China's Leadership Is Really, Really Rich

One need not wonder why official corruption is such a concern there.
businessinsider.jpgDeutsche Bank

35 or so years ago, China's leaders weren't that much better off than the people they served. That has, according to this chart (via Business Insider), has changed. A lot.

The cozy relationship between politics and money exists in every society, but it's striking to see the extent to which wealth buys influence in China. The government has attempted to crack down on corruption by banning ostentatious displays of wealth among government leaders, hoping that fewer boozy lunches and expensive watches will improve the Party's image among common people. But unless the fundamental link between political and financial advancement is severed, it's hard to imagine anything changing.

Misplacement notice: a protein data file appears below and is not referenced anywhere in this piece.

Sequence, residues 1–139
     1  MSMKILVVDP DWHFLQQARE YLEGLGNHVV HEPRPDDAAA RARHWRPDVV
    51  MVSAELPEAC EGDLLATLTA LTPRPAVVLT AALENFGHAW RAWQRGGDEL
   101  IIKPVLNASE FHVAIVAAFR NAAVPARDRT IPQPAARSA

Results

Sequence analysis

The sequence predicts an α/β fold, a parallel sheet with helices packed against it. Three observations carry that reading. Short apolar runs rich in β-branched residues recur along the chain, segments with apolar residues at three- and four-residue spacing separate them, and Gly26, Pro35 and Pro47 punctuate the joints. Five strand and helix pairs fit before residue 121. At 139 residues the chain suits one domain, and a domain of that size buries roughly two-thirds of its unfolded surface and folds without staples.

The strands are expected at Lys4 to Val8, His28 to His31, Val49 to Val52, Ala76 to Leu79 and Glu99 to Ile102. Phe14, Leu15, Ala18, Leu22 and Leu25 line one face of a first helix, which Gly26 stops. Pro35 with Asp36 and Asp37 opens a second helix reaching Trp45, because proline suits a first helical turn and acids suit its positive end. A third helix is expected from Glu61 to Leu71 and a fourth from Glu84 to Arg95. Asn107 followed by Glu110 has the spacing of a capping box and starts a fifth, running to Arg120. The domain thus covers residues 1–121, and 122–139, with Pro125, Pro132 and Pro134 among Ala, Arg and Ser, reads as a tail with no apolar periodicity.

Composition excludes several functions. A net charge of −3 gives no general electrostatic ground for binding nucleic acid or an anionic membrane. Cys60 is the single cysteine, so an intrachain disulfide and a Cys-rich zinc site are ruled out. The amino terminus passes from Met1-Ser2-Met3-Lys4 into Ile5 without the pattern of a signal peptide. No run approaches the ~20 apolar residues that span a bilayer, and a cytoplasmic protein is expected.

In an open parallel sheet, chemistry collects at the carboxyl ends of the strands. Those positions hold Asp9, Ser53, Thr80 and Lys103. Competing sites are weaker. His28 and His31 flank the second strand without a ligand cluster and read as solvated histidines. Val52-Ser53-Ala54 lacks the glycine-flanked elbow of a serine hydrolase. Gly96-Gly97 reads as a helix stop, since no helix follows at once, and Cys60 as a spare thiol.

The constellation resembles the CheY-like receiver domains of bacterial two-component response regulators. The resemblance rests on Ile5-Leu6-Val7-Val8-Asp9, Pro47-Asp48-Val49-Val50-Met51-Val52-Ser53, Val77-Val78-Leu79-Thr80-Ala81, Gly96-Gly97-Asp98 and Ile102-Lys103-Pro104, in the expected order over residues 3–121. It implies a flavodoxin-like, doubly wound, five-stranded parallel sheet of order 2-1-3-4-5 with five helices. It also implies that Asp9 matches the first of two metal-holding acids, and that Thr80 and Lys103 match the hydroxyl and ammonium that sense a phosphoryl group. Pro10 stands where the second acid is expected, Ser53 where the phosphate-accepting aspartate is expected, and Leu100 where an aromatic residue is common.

Matt Schiavenza is a contributing writer for The Atlantic. He is a former global-affairs writer for the International Business Times and Atlantic senior associate editor.

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